Background: Previous studies have shown thylakoids, the membrane proteins which are extracted from green leaves like spinach, can induce satiety through homeostatic and non-homeostatic pathways. In this study, we reviewed the current human literature on thylakoids' characteristics and their relationship to satiety regulation and weight loss.
Methods: A systematic search of literature published between January 1990 and May 2019 was conducted on the electronic databases; including WEB OF SCIENCE, Cochrane Library, MEDLINE, Scopus, and EMBASE databases. We included all clinical trials that addressed the effects of thylakoids or chloroplast intake on satiety and weight loss.
Results: After excluding non-human studies, non-RCTs, duplications, studies with irrelevant data and interventions, eight studies were included in the qualitative synthesis. All studies supported this hypothesis that thylakoids reduce the feeling of hunger by increasing postprandial cholecystokinin and leptin and decreasing serum ghrelin, but the consequences of thylakoid intake on anthropometric characteristics were controversial.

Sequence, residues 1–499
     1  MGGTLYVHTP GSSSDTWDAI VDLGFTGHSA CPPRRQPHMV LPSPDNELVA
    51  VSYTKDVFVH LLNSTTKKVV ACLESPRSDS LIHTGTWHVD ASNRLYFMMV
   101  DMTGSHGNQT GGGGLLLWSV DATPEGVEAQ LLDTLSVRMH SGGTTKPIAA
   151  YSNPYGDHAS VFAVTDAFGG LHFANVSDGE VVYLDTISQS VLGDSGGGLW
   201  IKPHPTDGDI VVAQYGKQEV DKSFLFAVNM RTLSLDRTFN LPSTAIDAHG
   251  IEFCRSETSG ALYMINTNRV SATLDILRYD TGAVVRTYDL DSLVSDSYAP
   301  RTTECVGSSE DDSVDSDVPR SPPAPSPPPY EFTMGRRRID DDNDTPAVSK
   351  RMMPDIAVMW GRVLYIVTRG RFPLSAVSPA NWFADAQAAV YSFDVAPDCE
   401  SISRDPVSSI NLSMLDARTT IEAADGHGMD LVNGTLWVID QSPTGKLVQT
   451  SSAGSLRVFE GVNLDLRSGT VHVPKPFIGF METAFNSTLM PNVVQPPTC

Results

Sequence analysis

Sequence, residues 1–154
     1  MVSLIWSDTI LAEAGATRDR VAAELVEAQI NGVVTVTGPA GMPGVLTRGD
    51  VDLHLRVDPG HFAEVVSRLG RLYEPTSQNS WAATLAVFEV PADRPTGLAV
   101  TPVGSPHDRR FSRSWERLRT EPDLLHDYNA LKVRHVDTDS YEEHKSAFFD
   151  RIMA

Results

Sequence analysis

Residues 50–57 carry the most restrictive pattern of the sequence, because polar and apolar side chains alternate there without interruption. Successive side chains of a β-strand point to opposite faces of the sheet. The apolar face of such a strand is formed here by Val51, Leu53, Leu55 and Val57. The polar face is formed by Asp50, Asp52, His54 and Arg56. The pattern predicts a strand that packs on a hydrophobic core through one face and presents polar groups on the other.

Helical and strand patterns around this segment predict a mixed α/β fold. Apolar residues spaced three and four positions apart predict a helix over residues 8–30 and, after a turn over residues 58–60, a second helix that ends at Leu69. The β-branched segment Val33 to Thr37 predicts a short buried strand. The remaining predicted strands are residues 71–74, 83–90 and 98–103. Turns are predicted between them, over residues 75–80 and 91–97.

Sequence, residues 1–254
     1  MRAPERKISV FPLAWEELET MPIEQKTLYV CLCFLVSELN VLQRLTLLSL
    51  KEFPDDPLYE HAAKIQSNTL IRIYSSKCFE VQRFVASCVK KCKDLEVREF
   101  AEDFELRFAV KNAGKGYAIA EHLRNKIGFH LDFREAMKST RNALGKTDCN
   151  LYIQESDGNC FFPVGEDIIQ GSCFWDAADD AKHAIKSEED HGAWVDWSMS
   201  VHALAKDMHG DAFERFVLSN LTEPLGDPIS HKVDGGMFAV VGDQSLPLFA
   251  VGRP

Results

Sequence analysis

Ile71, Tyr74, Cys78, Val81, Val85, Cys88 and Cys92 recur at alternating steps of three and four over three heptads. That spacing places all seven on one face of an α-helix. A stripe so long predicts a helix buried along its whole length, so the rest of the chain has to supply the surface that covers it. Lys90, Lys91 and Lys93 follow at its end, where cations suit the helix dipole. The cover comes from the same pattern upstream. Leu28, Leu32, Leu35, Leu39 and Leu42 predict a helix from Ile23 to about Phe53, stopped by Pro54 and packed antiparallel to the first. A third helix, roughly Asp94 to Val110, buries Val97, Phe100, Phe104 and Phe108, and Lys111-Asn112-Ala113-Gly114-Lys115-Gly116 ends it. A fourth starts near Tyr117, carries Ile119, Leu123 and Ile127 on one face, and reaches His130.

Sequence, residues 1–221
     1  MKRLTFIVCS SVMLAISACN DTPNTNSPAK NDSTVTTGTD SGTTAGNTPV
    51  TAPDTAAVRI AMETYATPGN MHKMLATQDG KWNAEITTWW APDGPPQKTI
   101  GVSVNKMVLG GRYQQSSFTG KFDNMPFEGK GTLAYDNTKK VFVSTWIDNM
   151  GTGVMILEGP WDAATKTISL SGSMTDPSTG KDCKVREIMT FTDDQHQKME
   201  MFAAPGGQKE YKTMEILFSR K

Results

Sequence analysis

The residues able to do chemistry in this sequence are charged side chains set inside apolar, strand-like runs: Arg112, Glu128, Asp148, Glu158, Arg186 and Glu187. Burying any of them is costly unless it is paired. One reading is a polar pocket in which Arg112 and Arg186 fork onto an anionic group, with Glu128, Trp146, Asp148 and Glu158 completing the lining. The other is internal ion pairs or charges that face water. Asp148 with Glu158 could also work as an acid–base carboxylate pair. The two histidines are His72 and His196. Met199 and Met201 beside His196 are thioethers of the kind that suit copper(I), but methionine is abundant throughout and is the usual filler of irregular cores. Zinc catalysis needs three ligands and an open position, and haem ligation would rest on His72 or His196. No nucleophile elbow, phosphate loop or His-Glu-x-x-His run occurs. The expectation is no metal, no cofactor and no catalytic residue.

Conclusion: In conclusion, our results may approve this postulation that receiving a thylakoid-enriched meal can decrease appetite and probably food intake in short term; however, more studies are needed to explore the effects of long term supplementation with thylakoids on weight loss in human subjects.
Keywords: Appetite; Obesity; Satiety; Spinach; Thylakoid; Weight loss.
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